Join us for this Halloween Episode where we take a deep dive into one of the spookiest songs to ever hit the charts. There’s a reason why this song has shown up everywhere from TV shows like “Supernatural”, to films including “Halloween”, the videogame “Ripper”– its lyrics are even quoted in Steven King’s “The Stand”: because few songs are able to create a mood as deep and rich as this one. And it features one of the best guitar parts of all time. (And yes, we mention the cowbell.)

“Don’t Fear The Reaper” (Donald Roeser) Copyright 1976 Sony/ATV Music Publishing LLC 

— This show is one of many great music-related podcasts on the Pantheon podcast network. Check ’em out!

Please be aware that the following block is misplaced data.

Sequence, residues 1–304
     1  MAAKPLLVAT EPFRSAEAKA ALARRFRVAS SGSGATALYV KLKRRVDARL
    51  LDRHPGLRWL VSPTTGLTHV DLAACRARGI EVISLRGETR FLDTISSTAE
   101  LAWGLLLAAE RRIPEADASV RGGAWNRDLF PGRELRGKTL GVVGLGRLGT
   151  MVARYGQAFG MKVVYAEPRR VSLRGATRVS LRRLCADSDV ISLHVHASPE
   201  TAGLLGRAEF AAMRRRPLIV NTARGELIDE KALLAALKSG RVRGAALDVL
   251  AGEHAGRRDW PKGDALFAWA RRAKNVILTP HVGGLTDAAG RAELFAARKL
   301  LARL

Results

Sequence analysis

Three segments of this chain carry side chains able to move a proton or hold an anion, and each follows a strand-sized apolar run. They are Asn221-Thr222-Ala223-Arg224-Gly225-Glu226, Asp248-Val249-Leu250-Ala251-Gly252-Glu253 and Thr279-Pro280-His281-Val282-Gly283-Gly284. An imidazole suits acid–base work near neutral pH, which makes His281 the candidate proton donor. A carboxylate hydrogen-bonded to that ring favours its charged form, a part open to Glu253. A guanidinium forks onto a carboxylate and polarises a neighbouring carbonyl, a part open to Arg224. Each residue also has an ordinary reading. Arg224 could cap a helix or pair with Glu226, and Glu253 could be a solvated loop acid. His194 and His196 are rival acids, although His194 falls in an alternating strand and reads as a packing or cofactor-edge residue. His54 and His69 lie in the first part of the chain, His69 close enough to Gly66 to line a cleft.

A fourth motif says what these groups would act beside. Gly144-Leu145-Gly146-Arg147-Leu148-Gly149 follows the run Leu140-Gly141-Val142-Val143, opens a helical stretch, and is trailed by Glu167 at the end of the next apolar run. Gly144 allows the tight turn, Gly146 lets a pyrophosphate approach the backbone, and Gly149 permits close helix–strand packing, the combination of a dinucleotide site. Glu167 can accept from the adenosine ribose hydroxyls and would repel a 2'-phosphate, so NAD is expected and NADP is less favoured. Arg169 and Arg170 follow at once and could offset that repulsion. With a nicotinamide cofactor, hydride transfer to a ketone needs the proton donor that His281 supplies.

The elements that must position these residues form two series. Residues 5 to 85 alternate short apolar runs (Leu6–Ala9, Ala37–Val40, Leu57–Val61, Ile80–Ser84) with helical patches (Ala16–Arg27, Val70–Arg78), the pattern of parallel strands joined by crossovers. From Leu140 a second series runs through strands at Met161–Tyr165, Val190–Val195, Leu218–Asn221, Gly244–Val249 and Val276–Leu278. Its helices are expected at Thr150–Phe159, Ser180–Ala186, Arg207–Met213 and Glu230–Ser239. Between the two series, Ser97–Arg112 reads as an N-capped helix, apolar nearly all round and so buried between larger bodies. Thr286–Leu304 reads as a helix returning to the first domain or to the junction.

Sure, everyone knows “Stairway To Heaven”, but “Achilles Last Stand” may be Jimmy Page’s greatest masterpiece. Layers of guitars intertwined & augmenting each other in a virtual guitar orchestra, with stellar performances from the rest of the band. In this episode, we take a closer look at this underrated classic.

“Achilles Last Stand” (Jimmy Page & Robert Plant) Copyright 1976 Flames Of Albion Music, Administered by WB Music Group (ASCAP)

— This show is one of many great music-related podcasts on the Pantheon network. You should check them out! And remember to follow this show, so you never miss an episode.

If Motorhead is to be remembered for one song, it would be “Ace Of Spades”. The title cut from their most commercially successful album, a track that encapsulates Motorhead– fast, loud, defiant. Let’s dig into this heavy metal classic to see what makes it work.